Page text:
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Africans in China sharing 'Chinese Dream' (2)


11:07, March 23, 2013


In "Little Africa," African people like to stay near people from their own countries.

John Vedasto Rwehumbiza is an elected leader representing the Tanzanian community.

Graduated from a Shanghai university of science and engineering in 1987, Rwehumbiza has experience of working both in China and Tanzania.

His business title is chief representative of Macrospot International Ltd..

"When I studied in China in the 1980s, the infrastructure in Guangzhou was very poor. When I came back in 2007, I found the changes were marvelous, both in hardware and software," he said.

Rwehumbiza said he would like to share his experiences with people back home about what he has learnt in China and helping the African continent develop in "the same footsteps."

James Asare Tano, president of Ghana Community in China, is interested in introducing China's speciality in construction and producing building materials to Africa through his company Prime Products International Ltd..

"When I first came to China, I was 26. Now I am 35. I believe I can realize my dream of building my firm into a multinational corporation by the age of 40," he said.

Tano wrote in his inaugural address, after being elected as the community leader in 2011, that he entreated Ghanians living in China "to be law abiding, respect each other and live responsibly to enhance the China-Ghana relationship."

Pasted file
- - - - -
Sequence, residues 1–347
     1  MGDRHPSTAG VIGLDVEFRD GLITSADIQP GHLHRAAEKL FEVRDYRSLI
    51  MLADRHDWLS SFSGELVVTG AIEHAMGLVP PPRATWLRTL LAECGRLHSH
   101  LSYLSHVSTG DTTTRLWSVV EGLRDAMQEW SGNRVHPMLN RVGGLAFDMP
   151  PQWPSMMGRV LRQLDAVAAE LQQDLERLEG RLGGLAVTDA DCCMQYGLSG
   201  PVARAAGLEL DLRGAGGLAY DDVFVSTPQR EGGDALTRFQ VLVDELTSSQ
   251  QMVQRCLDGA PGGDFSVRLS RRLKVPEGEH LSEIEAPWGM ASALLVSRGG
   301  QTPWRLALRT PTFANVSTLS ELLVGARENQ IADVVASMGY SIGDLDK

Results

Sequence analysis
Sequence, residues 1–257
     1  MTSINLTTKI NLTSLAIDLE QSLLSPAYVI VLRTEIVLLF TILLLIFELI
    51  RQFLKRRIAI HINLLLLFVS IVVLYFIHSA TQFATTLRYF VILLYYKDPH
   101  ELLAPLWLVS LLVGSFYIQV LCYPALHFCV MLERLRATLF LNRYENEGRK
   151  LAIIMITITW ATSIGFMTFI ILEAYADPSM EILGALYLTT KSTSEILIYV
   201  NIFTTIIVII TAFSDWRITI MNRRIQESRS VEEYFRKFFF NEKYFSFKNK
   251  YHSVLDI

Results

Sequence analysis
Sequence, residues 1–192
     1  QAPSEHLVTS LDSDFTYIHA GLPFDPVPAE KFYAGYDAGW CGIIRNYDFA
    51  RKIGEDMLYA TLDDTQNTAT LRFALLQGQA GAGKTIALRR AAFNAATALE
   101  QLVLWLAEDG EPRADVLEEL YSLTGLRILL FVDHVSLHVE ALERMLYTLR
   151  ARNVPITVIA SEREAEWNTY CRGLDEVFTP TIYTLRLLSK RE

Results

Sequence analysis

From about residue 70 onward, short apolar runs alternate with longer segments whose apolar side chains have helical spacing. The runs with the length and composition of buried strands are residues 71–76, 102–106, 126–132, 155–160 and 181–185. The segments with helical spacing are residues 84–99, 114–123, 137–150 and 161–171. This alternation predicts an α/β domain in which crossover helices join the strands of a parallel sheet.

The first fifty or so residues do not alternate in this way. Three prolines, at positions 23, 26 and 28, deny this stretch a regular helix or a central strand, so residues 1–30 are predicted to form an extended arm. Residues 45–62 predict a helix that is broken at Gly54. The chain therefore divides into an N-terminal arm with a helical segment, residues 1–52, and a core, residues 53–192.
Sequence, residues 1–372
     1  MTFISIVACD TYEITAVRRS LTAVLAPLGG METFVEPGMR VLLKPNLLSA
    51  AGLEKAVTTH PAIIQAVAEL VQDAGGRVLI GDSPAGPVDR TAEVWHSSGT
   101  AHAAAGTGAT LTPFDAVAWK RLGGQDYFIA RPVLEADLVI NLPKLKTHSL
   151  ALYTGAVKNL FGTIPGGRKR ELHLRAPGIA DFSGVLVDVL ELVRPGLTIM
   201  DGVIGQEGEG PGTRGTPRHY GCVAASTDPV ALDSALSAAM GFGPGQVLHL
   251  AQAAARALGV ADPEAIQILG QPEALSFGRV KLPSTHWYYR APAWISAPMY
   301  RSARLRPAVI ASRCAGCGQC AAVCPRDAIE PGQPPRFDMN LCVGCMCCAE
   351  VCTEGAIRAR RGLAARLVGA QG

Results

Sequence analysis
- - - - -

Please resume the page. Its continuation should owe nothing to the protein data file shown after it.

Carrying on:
The community leader said differences in living habits, work styles and religions between Chinese and African communities have led to inevitable misunderstandings and disputes.

Rwehumbiza said, for example, taxi drivers in Guangzhou are worried about African passengers who fare bargain and are reluctant to pick up black people.

There are a large number of Africans living in China on overstayed tourist visas, or even false passports, which lead to higher frequency of police inspections on streets.

In July 2009, a Nigerian man accidentally fell several floors from a building in an attempt to flee a Chinese immigration authorities' inspection. The incident triggered a demonstration of hundreds of Africans, causing road closures for hours.

Rwehumbiza said only interpersonal communication can help reduce prejudice that has resulted from ignorance of each other's culture.

"China should improve its immigration management system, and work with African countries to build a cooperation mechanism in dealing with regular and emergency matters concerning immigrants," said Li Zhigang, associate professor with Zhongshan University, who is studying the African community in Guangzhou.

Such a mechanism can help authorities mediate whenever there is a dispute concerning Africans in China, Li said.

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Email|Print|Comments(Editor:HuangJin、Chen Lidan)

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